ill health

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Ill Health


charley horse Muscular cramp or stiffness in an arm or leg. Reliable sources say the origin of this term is unknown. Nevertheless, a story is told of a limping horse named Charley who used to draw a roller in the White Sox baseball park in Chicago. Thus, the (apocryphal) origin of the term is based on the resemblance between the posture of an athlete suffering from a leg cramp and a limping horse.

Toward the close of the season Mac was affected with a “Charley-horse” and that ended his ball-playing for 1888. (Cincinnati Comm. Gazette, March 17, 1889)

Current today, this North American slang phrase has been popular since the 1880s.

[one’s] days are numbered Dying, almost dead; with little time remaining, nearing the end. This expression is usually used to describe someone who is critically ill and has but a short time to live; so short, in fact, that one could count the days remaining. The phrase is also frequently used to describe the imminent end of anything, particularly one’s employment.

feed the fishes To be seasick. Herbert Meade used this humorous metaphor in A Ride through the disturbed districts of New Zealand (1870):

His first act was to appease the fishes … by feeding them most liberally.

a frog in one’s throat Temporary hoarseness or thickness in the voice; an irritation in the throat. This colloquial expression dates from at least 1909 and is an obvious allusion to the hoarse, throaty croaking of frogs.

have one foot in the grave Near death, at death’s door, dying. This common expression often refers to one afflicted by a lingering, terminal illness.

He has twenty thousand a year … And one foot in the grave. (J. Payn, Luck Dorrells, 1886)

in the straw In labor or giving birth; in childbed; pregnant. This expression probably refers to the ancient custom of placing straw on the doorstep of a house to muffle the footsteps of visitors so as not to disturb a woman in parturition. One source, however, suggests that in the straw may allude to the straw-filled mattresses once common among the poor.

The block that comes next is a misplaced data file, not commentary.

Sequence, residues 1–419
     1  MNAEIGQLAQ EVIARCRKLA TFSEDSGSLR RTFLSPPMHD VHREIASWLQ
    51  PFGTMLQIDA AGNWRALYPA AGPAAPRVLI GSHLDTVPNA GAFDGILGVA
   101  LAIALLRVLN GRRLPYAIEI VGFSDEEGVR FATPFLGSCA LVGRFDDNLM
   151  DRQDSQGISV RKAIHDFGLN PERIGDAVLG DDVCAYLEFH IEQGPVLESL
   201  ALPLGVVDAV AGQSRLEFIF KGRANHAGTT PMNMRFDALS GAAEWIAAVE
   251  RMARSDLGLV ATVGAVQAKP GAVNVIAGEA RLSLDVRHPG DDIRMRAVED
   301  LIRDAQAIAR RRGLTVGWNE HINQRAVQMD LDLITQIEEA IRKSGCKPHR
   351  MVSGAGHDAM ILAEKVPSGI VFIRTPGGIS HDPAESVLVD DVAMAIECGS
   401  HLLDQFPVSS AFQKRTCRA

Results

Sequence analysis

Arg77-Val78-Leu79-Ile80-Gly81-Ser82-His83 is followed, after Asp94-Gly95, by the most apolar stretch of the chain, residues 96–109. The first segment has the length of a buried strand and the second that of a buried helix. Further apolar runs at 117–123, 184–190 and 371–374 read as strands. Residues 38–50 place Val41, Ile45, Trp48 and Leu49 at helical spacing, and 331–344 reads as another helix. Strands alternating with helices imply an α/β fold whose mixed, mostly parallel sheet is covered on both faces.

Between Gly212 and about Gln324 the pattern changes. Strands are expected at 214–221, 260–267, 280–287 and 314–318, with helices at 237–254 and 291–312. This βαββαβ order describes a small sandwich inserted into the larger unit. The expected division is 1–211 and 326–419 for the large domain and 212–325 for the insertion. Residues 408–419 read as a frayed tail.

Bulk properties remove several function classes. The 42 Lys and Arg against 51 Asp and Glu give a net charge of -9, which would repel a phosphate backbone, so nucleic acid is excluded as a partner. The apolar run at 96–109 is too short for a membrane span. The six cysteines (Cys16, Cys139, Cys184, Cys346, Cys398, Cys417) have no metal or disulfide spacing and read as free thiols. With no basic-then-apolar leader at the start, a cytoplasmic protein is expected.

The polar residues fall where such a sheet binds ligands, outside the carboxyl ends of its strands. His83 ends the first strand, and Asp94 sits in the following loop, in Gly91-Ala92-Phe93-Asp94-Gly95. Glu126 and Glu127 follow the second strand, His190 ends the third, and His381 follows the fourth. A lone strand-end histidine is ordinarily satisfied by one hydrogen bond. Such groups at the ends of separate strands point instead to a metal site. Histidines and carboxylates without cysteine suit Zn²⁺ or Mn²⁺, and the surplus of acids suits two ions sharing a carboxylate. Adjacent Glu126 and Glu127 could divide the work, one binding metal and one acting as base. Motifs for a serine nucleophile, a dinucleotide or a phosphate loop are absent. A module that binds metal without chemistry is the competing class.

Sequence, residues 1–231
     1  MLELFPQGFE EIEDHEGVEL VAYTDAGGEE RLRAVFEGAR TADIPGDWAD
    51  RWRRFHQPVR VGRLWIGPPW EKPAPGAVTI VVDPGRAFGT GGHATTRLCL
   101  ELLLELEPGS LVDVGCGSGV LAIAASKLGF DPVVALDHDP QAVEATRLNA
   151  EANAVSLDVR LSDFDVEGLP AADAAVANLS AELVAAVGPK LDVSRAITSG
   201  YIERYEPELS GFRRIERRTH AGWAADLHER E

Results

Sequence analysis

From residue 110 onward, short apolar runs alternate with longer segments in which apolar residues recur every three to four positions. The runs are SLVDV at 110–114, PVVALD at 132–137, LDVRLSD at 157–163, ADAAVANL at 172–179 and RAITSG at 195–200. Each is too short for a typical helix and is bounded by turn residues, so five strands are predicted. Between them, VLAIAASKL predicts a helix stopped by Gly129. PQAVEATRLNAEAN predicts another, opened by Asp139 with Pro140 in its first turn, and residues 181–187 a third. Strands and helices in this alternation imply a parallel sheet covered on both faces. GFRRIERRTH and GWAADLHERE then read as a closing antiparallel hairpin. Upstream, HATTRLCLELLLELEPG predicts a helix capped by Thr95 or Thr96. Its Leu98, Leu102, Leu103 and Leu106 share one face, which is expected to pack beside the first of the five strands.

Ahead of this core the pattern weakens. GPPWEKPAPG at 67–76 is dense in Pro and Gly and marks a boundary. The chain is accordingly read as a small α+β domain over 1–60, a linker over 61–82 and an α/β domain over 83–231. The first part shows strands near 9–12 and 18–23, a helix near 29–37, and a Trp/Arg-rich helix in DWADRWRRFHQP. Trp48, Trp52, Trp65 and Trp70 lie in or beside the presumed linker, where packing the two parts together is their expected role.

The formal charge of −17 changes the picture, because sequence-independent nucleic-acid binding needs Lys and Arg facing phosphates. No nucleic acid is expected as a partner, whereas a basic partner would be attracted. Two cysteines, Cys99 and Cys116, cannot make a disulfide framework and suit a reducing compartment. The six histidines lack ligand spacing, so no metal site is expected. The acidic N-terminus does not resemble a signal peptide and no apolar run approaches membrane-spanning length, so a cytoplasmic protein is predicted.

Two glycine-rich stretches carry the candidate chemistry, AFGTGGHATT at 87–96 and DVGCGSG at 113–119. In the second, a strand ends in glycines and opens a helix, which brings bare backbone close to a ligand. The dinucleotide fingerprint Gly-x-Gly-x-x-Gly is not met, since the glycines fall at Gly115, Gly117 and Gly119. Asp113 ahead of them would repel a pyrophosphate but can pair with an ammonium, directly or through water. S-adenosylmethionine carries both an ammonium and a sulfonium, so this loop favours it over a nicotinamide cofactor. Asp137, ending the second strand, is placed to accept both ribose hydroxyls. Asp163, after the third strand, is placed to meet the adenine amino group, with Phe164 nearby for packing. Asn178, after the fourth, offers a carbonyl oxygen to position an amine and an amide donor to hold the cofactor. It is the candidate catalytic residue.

In the phrase of ladies in the straw, “as well as can be expected.” (Thomas DeQuincey, Confessions of an Opium-Eater, 1822)

A related expression said of a woman who has just given birth is out of the straw.

Montezuma’s revenge Diarrhea, particularly when it afflicts foreigners in Mexico. This expression is named for the last Aztec emperor, Montezuma, who lost his empire in 1520 through the trickery of the Spanish conquistadors. American and European tourists in Mexico are still plagued by this condition, perhaps as a reaction to spicy Mexican food or from dysentery generated by impure water. This expression and some humorous variations appeared in Western Folklore XXI (1962):

The North American in Mexico has coined a number of names for the inevitable dysentery and diarrhea: “Mexican two-step,” “Mexican foxtrot,” “Mexican toothache,” and, less directly if more colorfully, “Montezuma’s revenge,” the “Curse of Montezuma,” and the “Aztec hop.”

In keeping with the tradition of Montezuma’s revenge, various euphemisms for diarrhea have been coined by persons who travel to Egypt, India, Burma, and Japan, as delineated in this citation from an April, 1969, Daily Telegraph:

Prevent gippy tummy. Also known as Delhi belly, Rangoon runs, Tokyo trots, Montezuma’s revenge.

off one’s feed To be ill; to suffer from loss of appetite; to be depressed or disconsolate. This expression, originally a reference to an ailing horse, usually describes a person whose physical or emotional state effects a repulsion to food.

on one’s last legs Moribund; in a state of exhaustion or near-collapse; about to break down or fail. In this expression, legs is usually used figuratively to describe that part of a person, machine, project, or other item which allows it to move forward or continue. Last legs implies that the person or object is tired and will be unable to function at all within a short time.

on the blink Unwell, in ill health, out of condition; in disrepair, not in working order, on the fritz. This common slang expression is of unknown origin. Two possible but highly conjectural theories relate it to the dialectal meaning of blink ‘milk gone slightly sour,’ and to the U.S. fishermen’s use of the term for mackerel too young to be marketable.

out of sorts See ILL TEMPER.

the runs Diarrhea. This slang expression is derived not only from the fluid consistency and movement of the feces, but also from the celerity and frequency with which one so afflicted reaches a bathroom. The phrase is commonplace in both the United States and Great Britain. A similar term is the trots.